Saturday, April 25, 2009

Shocked, shocked to discover crooked gambling

If you had been thinking that the state-run lottery was a fair and honestly run game-of-chance in which your odds of winning were determined by the mathematical laws of probability then you may have been shocked by the news story in the Quad City Times this week that:

The state ombudsman issued a report Tuesday alleging Iowa Lottery officials have failed to adequately protect the enterprise’s customers from fraud and theft by retailers.

Iowa Citizens’ Aide/Ombudsman Bill Angrick said his review of three years’ worth of lottery investigations found numerous customer complaints where leads went unexplored and potential crimes were not pursued.

And, Angrick said in a 210-page report, even when the lottery substantiated complaints against retailers for fraud or theft, in many instances those retailers were not held accountable.

Read the entire article

Most people who were not born yesterday know how crooked gambling scams work, such as the street-corner 3 card monte huckster or the carnival side-show booth. These are games in which there are no winners other than the operators. Anyone appearing to win is either a hired shill who has won nothing other than their pre-agreed share of the take or a mark who has been allowed to win when the stakes are low in order to entice him/her into larger bets. Sometimes people are allowed to walk away from these crooked games winners when there are other potential marks standing around to see this and be drawn in.

If you had been thinking that the association between gambling and gangsters and crime was just a result of gambling being illegal and that a legal state-run lottery or state sanctioned and regulated casinos could be fair and honest then you have been naive. Gambling is a scam by its very nature. If you are involved in any way in gambling you are by necessity in one of two groups. You are either part of the group that organized and runs the game and is profiting from it or you are a mark, a victim, a loser. Proponents of state lotteries and state sanctioned casinos claim that the tax-payers and school-children of the state are part of the group that benefits from the gambling, but given gambling's tendency to turn everyone not actually running the game into marks and victims how likely do you think that is?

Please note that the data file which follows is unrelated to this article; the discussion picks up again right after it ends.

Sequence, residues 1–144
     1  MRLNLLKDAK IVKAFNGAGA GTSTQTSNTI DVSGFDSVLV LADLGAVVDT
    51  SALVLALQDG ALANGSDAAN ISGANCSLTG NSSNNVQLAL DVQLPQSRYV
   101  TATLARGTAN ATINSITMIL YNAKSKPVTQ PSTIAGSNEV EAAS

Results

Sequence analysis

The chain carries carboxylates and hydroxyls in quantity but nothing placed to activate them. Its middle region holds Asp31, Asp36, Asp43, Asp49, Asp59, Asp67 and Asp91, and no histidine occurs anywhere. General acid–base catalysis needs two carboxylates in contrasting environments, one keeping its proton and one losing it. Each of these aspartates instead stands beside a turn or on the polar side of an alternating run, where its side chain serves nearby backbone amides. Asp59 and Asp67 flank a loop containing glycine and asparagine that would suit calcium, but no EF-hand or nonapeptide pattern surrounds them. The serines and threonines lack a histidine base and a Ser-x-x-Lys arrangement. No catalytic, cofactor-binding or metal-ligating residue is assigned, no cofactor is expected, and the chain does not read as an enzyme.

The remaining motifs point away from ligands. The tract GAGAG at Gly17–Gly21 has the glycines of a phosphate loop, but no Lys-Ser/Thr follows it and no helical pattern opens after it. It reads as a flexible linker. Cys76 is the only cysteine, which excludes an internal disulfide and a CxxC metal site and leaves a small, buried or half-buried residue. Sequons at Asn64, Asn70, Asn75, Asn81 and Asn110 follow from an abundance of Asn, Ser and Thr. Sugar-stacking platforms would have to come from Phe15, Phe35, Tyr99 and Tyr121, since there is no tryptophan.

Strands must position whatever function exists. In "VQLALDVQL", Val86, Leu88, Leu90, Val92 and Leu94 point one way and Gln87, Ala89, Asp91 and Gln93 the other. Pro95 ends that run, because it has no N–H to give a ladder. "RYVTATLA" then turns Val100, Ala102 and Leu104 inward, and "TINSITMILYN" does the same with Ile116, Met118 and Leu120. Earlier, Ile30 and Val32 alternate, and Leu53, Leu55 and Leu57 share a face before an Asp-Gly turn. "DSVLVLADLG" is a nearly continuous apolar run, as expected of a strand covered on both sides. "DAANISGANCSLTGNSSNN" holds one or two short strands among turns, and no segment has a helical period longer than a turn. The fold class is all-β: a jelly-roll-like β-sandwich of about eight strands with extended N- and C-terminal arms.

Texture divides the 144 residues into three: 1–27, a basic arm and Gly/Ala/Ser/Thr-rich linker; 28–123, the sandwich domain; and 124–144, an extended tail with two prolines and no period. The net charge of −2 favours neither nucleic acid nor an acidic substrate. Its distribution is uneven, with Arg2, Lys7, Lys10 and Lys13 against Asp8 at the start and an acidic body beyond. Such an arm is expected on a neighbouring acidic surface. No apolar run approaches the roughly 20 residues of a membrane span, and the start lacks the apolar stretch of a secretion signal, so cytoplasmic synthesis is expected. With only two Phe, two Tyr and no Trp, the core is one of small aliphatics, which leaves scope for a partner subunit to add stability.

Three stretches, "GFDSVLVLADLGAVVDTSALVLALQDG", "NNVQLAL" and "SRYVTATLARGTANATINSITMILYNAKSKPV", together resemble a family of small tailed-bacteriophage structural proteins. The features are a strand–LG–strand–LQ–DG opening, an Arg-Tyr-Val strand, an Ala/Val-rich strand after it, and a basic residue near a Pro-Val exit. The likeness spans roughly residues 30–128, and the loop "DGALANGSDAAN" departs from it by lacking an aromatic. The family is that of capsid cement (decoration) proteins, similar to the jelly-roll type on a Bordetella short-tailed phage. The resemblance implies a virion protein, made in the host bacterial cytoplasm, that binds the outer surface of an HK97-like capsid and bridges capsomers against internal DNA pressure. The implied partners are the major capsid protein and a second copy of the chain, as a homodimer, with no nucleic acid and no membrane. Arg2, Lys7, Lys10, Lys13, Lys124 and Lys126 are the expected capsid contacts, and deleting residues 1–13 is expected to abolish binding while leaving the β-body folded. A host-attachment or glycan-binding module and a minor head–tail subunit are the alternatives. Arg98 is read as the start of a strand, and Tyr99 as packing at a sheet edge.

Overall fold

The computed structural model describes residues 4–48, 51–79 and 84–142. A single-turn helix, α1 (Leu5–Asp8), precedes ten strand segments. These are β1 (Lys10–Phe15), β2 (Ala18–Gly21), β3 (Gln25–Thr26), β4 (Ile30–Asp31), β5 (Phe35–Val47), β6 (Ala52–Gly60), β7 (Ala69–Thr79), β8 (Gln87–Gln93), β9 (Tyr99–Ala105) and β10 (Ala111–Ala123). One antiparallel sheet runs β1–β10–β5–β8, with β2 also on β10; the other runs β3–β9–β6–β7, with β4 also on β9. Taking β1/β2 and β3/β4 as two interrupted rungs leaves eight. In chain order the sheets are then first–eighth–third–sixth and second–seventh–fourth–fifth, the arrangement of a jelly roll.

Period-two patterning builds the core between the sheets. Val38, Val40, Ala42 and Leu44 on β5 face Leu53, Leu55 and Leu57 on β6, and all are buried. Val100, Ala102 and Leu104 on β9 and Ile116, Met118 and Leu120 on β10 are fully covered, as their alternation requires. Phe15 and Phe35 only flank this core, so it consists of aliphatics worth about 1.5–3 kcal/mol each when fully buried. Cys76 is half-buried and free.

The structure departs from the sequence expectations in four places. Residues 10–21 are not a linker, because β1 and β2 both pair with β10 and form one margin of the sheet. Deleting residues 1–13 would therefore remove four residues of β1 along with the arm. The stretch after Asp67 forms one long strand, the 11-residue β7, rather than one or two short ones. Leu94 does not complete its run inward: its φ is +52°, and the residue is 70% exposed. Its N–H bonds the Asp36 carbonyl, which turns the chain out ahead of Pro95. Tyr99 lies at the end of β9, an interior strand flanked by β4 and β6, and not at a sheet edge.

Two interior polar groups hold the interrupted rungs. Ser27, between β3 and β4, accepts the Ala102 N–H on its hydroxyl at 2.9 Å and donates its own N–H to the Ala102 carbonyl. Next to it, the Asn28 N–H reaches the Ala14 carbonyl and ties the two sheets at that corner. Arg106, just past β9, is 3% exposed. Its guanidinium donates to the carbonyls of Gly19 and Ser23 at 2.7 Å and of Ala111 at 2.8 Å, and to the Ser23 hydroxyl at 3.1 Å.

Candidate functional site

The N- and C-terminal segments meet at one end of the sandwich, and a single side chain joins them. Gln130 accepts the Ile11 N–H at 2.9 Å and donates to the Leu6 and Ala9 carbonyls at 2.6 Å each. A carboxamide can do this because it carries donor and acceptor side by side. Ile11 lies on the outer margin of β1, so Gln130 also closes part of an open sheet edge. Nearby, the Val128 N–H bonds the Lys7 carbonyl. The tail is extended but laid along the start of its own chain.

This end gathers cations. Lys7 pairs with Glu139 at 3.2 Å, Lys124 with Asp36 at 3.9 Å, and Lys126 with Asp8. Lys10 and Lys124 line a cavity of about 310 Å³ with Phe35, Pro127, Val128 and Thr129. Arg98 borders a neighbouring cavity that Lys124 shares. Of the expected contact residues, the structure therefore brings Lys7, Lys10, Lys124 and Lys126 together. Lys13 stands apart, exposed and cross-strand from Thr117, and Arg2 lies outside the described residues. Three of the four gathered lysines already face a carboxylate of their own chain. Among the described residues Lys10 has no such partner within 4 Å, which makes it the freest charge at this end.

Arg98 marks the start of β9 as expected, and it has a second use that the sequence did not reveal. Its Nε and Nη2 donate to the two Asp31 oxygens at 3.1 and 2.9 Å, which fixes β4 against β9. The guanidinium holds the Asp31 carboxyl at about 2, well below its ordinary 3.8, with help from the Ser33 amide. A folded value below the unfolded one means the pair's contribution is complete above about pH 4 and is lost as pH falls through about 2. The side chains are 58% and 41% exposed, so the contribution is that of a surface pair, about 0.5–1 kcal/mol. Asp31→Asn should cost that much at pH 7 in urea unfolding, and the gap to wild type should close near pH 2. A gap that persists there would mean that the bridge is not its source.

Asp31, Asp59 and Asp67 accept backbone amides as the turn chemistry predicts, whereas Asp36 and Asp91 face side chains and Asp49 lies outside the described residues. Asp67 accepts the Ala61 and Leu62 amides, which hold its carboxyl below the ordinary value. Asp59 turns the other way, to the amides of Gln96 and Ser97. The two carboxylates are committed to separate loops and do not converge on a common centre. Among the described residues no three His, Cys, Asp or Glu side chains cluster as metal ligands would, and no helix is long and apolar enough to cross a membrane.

Some of the ways we have been made victims by legalized gambling have been argued in this blog previously. New jobs appear to have been created in the community by casinos but it turns out the jobs have merely shifted because jobs have been lost by other entertainment businesses closed because of competition from the casinos. Although gambling adds money to the state coffers there are large costs to the community when formerly law-abiding people become addicting to gambling and commit crimes, sometimes embezzling large amounts of money from PTAs, fire departments, etc. Now we have a report that legalized gambling is turning the retail stores that sell lottery tickets into crooks and thieves who defraud their customers. (The state's reluctance to investigate and punish this wrong-doing because the state is a partner in this scam reminds me of Catch 22 where people are being attacked and killed by a corporation that has been hired to strafe and bomb them and are told that that's good because they are stockholders in the corporation and are therefore profiting from the attack.) What other ways in which governments are corrupted and we are victimized by legalized gambling are yet to be revealed?

1 comment:

Tacky said...

I don't know why you say you are shocked to discover crooked gambling. Hasn't gambling always been crooked? Since it has been legitimized in all but two states, it has created a whole new set of problems with new addicts, victims and criminals.A whole new set of jobs for those not employed by the industry itself. What happened to all those "seedy" types associated with the gambling racket? Didn't they just get MBAs and and become legitimate businessmen? A good read is Crapped Out edited by Jennifer Vogel published by Common Courage Press.(1997).